Oxygen sensor

sensors

#1

My 2001 Nissan Sentra’s engine light came on recently and my mechanic detected (from the code) a bad oxygen sensor or cat. I have ALWAYS used a certain brand of gasoline in my car since it was born, and I switched to cheaper. My mechanic canceled the code, and since I started using my brand name gas, it has not come back on. Would switching gasoline have triggered some kind of emission failure?

Curious, and so is my mechanic (although he says no).


#2

no code=no help.


#3

It is possible, although it is more likely that the code will eventually come back on. If not, then it is possible you got a bad batch of gasoline.


#4

The trouble code NEVER says that a sensor (or, other part) is faulty. The trouble code alerts you to the circuit the sensor is a part of.
Why the code came up? Who knows? Sometimes flukes happen. That code may never come back.
That mechanic will cost you in the replacement of parts with no defects. Change NO parts just because a trouble code came up.


#5

EXACTLY,codes will remain in HISTORY menu,and codes are a GREAT START,to further DIAG veh,and lead u to proper steps to do so.


#6

A bad batch of gas is a possibility depending on where you went. It also could be the sensor got dirty or wiring came loose. Basically, anything that could prevent the sensor signal from being read by the computers would cause the fault code. So who knows? The mechanic fiddling around could have inadvertently addressed a loose wire or bad connection.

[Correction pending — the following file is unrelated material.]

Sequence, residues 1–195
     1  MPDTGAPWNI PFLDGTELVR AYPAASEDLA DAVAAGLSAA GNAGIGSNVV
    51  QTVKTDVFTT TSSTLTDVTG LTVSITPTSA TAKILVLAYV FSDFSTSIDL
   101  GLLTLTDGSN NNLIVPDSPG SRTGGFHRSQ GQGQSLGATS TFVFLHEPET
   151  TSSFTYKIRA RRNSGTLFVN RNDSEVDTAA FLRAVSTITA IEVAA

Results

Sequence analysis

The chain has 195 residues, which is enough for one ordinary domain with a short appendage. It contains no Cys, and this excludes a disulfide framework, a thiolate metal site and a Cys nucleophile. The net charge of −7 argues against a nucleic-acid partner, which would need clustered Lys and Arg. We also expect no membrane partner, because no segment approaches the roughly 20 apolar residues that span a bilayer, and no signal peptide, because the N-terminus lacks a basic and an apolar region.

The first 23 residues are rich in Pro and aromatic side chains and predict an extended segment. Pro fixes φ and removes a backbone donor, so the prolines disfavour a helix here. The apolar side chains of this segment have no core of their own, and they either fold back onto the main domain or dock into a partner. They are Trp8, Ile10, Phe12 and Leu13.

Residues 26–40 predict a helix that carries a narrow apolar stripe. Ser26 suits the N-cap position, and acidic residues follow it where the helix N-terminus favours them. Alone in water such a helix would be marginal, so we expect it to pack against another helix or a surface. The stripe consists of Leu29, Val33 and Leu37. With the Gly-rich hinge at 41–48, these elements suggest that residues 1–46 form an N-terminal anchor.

#7

There is very very little difference from one brand of gas to another. Often one supplier supplies several different brands. However you can get a bad tank full from any brand.

That said, I would not bet that was it. If you still have a problem the light will come back (assuming the mechanic did not use the black tape method of canceling the code.

Get the real code (like P0123) not an interpretation of what it means. Some auto parts stores will give it to you for free.


#8

Well, the light did come back on. My other question is: My mechanic uses a hand-held device to check the “engine light code” and not a very expensive computer diagnostic machine that many shops now have. Is there a difference? Could he be reading a wrong code?


#9

nope same info.

next time get the actual code. it is the format of P 0123

report the code back here. NOT the code readers interpretation of it. no short hand. just the code.


#10

huge difference in the equip,code readers for codes only,good scan tools we can look at all paramiters,within that sub system,and see what the puter sees,not in real time ,but we have a graph function for that when narrowed down . so HUGE diff.


#11

The code was P 0420 the same code that comes on everytime. I think he said the front bank.


#12

My mechanic has now installed a small computer device to my car which will monitor everything as I drive it over the weekend. Then he will put it on his computer to see exactly what is happening with my car. Have you all ever heard of that gizmo?


#13

well, now my mechanic has plugged in a small electronic device that will monitor everything that is going on with the codes. I am to drive it around a few days and then he will hook up this device to the computer and see what is going on. Have you all ever heard of such a gizmo?